Despite having more than 15 years of experience, Jain still finds that there are things that surprise him about his work and the industry. “What I’ve been noticing is that people follow me because I pick up fresh things. My Instagram has been a fun place for me to share my language with an audience that I didn’t know existed. So I would put up things that I liked, it could be a Gaitonde or a 10-rupee work, and I realised that when I put up something, people will look at that and call up galleries to enquire about the artists. So that’s something that is very exciting to me, that I can be a tastemaker after all these years of trying to get out there and telling people what is good and what’s not.”

This is not to say that the job doesn’t challenge in ways you and I would never think possible. “There have been so many challenges, I can’t even recall!” he exclaims, “One would definitely be dealing with artists. That’s something I’ve had to learn on the job, the art of how to behave with artists, how to respect their space. It’s a privilege when an artist invites you into their space, so I’ve learned that humility from Lekha Poddar, who was my first boss at Devi Art Foundation. In my years of being an auctioneer, I’ve learned about the emotional connection people have to their art collections. The idea of owning something for 40-50 years on a wall and then finally coming to a realisation that you have to part away with it is profound. I’ve seen collectors cry when I’ve taken their art away from their homes. What do you do in those circumstances? It’s like an end to a relationship and you’re the person who is responsible for it!”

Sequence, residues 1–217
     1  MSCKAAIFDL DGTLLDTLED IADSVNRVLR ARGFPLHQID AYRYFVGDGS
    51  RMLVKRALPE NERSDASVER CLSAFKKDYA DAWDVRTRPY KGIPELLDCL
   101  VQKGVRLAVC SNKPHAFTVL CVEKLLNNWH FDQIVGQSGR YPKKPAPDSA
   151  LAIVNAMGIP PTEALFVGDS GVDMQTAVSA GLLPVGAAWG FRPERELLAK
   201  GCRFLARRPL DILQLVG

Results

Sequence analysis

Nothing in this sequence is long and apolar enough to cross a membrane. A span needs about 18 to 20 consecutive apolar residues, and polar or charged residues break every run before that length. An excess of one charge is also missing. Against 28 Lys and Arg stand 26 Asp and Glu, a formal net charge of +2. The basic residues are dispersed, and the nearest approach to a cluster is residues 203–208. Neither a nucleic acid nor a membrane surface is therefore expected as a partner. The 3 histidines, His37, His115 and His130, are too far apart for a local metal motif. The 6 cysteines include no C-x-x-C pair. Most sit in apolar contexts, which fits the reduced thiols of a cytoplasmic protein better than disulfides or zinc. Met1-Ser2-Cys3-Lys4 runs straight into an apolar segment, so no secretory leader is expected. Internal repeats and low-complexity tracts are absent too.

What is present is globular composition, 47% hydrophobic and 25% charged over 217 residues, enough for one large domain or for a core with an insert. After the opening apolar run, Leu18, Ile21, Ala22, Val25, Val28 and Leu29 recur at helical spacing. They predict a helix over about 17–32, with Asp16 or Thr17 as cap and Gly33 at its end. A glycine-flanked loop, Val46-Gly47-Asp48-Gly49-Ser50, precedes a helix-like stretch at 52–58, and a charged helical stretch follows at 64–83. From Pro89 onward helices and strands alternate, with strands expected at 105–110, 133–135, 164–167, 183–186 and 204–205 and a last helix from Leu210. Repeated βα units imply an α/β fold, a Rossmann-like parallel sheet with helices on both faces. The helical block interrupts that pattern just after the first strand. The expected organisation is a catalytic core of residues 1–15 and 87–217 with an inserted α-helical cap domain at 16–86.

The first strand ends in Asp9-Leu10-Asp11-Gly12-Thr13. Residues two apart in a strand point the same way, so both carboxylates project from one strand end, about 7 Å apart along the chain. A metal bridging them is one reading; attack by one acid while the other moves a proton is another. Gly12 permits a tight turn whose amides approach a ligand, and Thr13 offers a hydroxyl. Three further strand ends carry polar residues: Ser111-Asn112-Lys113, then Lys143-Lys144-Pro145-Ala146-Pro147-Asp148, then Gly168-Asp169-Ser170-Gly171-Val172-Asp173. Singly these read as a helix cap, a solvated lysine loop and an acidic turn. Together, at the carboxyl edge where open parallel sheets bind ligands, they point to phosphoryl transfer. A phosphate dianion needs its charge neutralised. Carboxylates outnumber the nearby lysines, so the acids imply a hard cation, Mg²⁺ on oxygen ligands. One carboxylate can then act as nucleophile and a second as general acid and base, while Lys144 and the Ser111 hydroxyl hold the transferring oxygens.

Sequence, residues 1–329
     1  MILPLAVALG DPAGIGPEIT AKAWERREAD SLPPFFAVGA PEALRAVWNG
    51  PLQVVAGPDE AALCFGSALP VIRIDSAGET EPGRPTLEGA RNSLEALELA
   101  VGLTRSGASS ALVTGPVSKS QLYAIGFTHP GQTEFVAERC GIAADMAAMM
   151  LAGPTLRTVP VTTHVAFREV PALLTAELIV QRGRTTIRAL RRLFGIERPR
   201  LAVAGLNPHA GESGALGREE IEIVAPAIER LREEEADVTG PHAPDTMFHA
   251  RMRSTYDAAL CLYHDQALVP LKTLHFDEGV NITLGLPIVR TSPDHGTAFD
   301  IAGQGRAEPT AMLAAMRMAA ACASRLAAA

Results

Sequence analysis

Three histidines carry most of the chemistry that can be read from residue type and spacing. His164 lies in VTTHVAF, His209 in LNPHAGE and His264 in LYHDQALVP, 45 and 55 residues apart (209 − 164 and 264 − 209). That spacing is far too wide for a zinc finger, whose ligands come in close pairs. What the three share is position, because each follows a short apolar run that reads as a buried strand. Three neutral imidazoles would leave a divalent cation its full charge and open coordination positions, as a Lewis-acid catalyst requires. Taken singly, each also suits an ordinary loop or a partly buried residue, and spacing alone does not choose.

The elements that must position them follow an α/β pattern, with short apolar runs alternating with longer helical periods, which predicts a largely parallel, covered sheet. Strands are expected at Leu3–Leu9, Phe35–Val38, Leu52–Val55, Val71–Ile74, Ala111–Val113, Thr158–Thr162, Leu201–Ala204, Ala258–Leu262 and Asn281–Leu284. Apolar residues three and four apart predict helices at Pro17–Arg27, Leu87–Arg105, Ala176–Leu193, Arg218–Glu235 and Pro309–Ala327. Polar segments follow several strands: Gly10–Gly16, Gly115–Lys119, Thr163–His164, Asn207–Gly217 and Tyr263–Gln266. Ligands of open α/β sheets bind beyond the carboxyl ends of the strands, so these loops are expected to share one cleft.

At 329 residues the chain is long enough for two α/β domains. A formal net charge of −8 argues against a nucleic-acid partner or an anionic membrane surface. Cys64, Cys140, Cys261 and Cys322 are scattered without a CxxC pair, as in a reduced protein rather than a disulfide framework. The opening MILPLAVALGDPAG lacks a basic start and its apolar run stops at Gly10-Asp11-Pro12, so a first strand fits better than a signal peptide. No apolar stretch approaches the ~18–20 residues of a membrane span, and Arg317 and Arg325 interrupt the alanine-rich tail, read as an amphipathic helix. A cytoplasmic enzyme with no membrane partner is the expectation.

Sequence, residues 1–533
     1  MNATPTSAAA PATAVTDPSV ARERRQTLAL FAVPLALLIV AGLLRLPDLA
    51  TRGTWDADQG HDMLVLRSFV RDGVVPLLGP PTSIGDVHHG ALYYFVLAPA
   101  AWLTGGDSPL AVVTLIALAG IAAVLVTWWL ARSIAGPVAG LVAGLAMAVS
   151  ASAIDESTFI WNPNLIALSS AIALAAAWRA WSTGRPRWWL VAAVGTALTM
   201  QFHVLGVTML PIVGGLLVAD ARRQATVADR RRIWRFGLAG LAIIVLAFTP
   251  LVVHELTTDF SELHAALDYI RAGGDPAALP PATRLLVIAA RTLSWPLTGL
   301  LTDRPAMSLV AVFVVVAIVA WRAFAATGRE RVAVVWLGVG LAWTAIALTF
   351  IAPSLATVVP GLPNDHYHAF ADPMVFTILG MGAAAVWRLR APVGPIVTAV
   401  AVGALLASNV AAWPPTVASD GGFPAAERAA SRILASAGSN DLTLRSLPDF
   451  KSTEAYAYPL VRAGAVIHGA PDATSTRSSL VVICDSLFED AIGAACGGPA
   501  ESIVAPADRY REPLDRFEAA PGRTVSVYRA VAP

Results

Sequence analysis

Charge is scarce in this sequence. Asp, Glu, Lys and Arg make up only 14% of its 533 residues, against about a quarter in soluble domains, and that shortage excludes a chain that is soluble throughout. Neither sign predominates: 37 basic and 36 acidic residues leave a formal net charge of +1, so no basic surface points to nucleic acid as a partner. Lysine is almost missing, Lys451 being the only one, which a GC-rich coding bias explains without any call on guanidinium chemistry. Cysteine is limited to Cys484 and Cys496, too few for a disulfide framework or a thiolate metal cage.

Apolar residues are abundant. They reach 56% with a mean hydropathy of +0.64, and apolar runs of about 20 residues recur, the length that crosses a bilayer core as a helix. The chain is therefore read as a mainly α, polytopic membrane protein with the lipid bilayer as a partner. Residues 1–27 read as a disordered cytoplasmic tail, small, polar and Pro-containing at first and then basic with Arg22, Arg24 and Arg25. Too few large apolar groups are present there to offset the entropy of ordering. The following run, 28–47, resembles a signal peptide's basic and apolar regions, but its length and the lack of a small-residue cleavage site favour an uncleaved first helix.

So back to the question we began with: What does an art curator do in a day?

“I used to be a workaholic. I still am a person who dreams of art and would get on a train or a plane at a moment’s notice to go visit a museum. But when COVID hit, I realised, what am I doing? So I work on my own terms now. For example, I am choosing to skip a meeting in favour of taking my dog to a therapy session. I want to enjoy being in the art world but not lose my life over it. My workdays are dedicated between hand-picked projects, my daughter, and my dog.”

This, to be fair, is a great endorsement of the job in my honest opinion.

RPSG Group and HELLO! India are delighted to announce the first-ever HELLO! India Art Awards on April 25 in New Delhi. The awards will felicitate and appreciate the works of established artists, upcoming talent, new media, individual and group exhibitions, galleries that curate and showcase excellent artwork, various mediums of expression, and every domain of artistic excellence there is in India today.

Stay tuned and keep following @hellomagindia for more behind-the-scenes action, exclusive interviews, and much more!